min read

Markdown Enable Your Blog Comments with Web Components

If you're like me and are excited about getting started using web components today, you might find yourself struggling coming up with practical uses that aren't the typical carousel, calendar, or accordion widgets that we've all written a hundred times in plain JavaScript.

In this article I'll walk you through the process of:

All of my examples will use can.Component because it's available today, is stable, and has really good browser support, but are still applicable no matter what your web component framework of choice is.

From Concept to Code

If all you're interested in is learning you can pick just about any API on the web and turn it into a web component. Or pick your favorite JavaScript library and wrap a component around it. Web components are primed to be the new jQuery plugin.


If you're a programmer you probably use markdown (or another markup generator) quite often. I'm writing this post in markdown right now. The only downside is I have a Grunt task running in the background that is rerendering the html every time I save the file. What if you could write markdown and have it generate all in the browser? You want to write something like:

# Hello world!

* Oh my, **lists**

And let a library do the heavy lifting. Luckily there is a Showdown, a JavaScript library for turning markdown into HTML. It's pretty fantastic. So let's make a component.

Since Showdown does most of the heavy lifting all we need is a nice wrapper that will allow us to write Markdown inside of a tag and have it render the HTML automatically. Using can.Component we can do that easily, here's a demo:


The code should speak for itself. The x-markdown component (all web components should be namespaced, we use x- in this example) generates the HTML after it is inserted into the page. We simply listen for the inserted event and set the <content/> provided by the user to the markdown property on the component's Scope.

The powerful part of this example is the can.compute. Computes are a type of object that can listen to changes of other objects and automatically recompute themselves. If you've used ko.observable or Ember computed properties the idea is much the same, but can.computes are a bit more powerful (we'll get to that later).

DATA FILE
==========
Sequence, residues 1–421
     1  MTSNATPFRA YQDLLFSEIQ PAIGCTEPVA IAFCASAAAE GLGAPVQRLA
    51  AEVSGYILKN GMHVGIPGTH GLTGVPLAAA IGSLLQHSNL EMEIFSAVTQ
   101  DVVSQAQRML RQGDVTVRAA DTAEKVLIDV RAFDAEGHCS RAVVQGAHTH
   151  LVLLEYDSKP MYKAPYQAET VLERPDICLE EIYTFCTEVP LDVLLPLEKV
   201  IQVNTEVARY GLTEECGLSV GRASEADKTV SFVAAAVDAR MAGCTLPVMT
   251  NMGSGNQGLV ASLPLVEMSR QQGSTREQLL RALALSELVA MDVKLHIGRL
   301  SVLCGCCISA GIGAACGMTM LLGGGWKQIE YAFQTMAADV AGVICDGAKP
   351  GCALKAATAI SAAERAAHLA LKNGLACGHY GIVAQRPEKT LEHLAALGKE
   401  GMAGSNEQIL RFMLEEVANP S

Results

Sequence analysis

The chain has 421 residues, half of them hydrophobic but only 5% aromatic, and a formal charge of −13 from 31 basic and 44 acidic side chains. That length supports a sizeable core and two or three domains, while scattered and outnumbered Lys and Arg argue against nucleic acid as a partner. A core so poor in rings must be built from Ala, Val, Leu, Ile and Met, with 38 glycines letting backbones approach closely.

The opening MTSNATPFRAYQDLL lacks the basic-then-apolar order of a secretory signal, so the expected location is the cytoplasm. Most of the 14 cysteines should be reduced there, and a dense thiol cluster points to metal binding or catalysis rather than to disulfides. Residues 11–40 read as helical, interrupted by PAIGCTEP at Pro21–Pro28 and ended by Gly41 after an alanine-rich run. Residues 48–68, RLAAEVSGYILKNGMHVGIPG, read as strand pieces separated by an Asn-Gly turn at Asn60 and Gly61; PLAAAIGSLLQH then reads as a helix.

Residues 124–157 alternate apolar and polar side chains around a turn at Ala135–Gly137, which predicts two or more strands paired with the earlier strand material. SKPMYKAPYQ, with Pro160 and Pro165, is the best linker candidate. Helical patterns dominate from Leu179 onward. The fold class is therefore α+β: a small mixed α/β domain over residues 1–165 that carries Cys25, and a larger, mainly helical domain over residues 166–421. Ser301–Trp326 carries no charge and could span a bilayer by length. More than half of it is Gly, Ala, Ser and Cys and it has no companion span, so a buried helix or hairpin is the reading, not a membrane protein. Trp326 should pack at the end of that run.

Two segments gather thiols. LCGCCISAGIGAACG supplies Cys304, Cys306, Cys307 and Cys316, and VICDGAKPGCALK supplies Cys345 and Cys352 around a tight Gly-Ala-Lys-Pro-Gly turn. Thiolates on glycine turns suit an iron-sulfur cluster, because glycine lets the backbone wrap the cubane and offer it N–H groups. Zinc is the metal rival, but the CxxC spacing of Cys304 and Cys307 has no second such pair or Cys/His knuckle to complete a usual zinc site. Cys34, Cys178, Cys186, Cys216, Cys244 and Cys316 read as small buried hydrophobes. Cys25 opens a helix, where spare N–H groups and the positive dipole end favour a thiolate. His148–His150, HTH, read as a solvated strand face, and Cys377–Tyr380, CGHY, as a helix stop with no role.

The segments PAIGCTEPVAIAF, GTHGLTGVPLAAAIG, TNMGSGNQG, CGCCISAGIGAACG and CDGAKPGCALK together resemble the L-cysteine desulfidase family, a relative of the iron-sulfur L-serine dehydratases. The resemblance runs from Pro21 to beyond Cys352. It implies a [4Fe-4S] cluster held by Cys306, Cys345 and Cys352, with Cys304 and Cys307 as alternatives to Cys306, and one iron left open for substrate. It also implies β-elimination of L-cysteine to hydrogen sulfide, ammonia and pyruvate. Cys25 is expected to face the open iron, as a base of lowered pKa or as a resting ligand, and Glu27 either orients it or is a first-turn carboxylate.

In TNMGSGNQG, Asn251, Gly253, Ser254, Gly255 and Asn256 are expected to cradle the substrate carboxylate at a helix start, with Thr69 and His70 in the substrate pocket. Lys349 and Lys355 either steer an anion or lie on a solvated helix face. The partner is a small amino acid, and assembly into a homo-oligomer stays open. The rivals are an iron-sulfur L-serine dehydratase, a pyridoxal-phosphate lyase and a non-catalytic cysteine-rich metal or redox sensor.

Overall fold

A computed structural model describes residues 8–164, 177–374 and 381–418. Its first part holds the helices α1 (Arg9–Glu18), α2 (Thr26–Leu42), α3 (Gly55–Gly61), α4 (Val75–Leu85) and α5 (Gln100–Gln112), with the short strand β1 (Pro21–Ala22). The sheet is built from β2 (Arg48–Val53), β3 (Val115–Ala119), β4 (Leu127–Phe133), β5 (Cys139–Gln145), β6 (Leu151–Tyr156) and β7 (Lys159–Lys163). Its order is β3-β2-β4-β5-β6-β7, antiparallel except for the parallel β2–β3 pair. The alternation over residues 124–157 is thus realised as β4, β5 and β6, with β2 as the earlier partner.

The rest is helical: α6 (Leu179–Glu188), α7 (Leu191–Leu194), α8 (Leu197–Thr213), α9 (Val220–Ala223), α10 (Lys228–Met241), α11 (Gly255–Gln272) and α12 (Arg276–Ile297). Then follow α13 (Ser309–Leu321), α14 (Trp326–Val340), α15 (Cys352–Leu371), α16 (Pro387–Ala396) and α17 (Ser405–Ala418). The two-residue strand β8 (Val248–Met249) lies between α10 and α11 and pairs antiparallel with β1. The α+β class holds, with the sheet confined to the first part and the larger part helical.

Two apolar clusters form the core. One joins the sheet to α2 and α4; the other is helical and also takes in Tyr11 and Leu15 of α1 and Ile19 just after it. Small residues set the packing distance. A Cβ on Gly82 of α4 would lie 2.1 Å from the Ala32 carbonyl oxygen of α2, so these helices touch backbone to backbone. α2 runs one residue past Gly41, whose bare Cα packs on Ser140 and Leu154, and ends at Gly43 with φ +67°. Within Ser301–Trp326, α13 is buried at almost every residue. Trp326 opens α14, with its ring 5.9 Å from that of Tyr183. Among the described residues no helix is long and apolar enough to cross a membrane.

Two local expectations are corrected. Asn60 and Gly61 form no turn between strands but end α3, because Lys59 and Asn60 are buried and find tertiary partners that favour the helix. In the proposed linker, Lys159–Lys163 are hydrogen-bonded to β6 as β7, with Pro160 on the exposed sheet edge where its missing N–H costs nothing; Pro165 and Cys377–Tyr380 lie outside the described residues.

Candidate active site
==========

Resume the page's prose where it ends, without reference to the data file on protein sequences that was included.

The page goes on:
The compute simple takes the value of the markdown property (which is set in the inserted event) and uses Showdown to generate the html that will be displayed.

Using with Blog Comments

While cool, this example isn't that practical. In reality you'll rarely have a scenario where you need to write HTML inside of a web browser, otherwise using a static site generator is probably what you'll be using.

One place where you would want to generate the HTML on the fly is for blog comments. If your blog is developer-focused it makes sense to allow the reader to write comments in markdown, and have a live preview of what it will look like. So let's refactor <x-markdown> to be our live preview.

tag: 'x-markdown',
template: '<div>}</div>',
scope: {
html: can.compute(function() {
var markdown = this.attr('markdown');
var converter = new Showdown.converter();
var html = converter.makeHtml(markdown);
return html;
markdown: ''

This new version of <x-markdown> is much more succinct because we've eliminated the <content/> portion by getting the raw markdown from a textarea. can.Component allows you to pass data (included complex objects) through an element's attribute tags. We'll use it like such: <x-markdown markdown="value"></x-markdown> so that the html compute will be live-bound to the value object that we pass in.

Next we need to create a live-bound textarea we'll call <x-textarea>. The idea that both x-markdown and x-textarea will be live-bound to the same compute object, and any time you type into the textarea the markdown will automatically be rerendered in the preview window. Demo time:


Try out the fiddle (Click on the Result link) and see for yourself how the preview updates as you type. The secret sauce here is that we are using can-value to bind the textarea's value to our scope property also called value. can-value works on the element's change event, which for most types of forms is fine, but in our case we need the preview to update as you type, so we've added a keyup event that simply triggers the textarea's change event as the user types. Simple!

When not to Web Component

Awesome, we've built a live-bound markdown enabled comment system. In less than 30 lines of code. However you might notice that the <x-textarea> isn't really doing much at all. It simply turns a normal textarea into a live-bound one.

However in reality textareas really are live-bound, they use the normal DOM events to update their values. So all we are using the <x-textarea> for in practice is to turn the DOM events into can events. Luckily can.compute already has a way of doing this, so we don't need the x-textarea at all.

can.compute can take a set of arguments that includes an element, the property to bind to, and an event to bind to. We'll use it like:

var markdown = can.compute(textarea, 'value', 'keyup');

This allows us to move our textarea outside of the script tag (since we're getting rid of the component) but still have a live-bound value between the textarea and our x-markdown preview. See the demo below.


Hopefully I've demonstrated the process of coming up with an idea for a component (essentially an encapsulated piece of HTML with JavaScript interactivity) and refining it until you are left with only the bits of code that you need. We've created a Markdown-enabled blog commenting system is only 18 lines of code. Let it be inspiration for your next component. Can you do better, how about an MDN reference widget?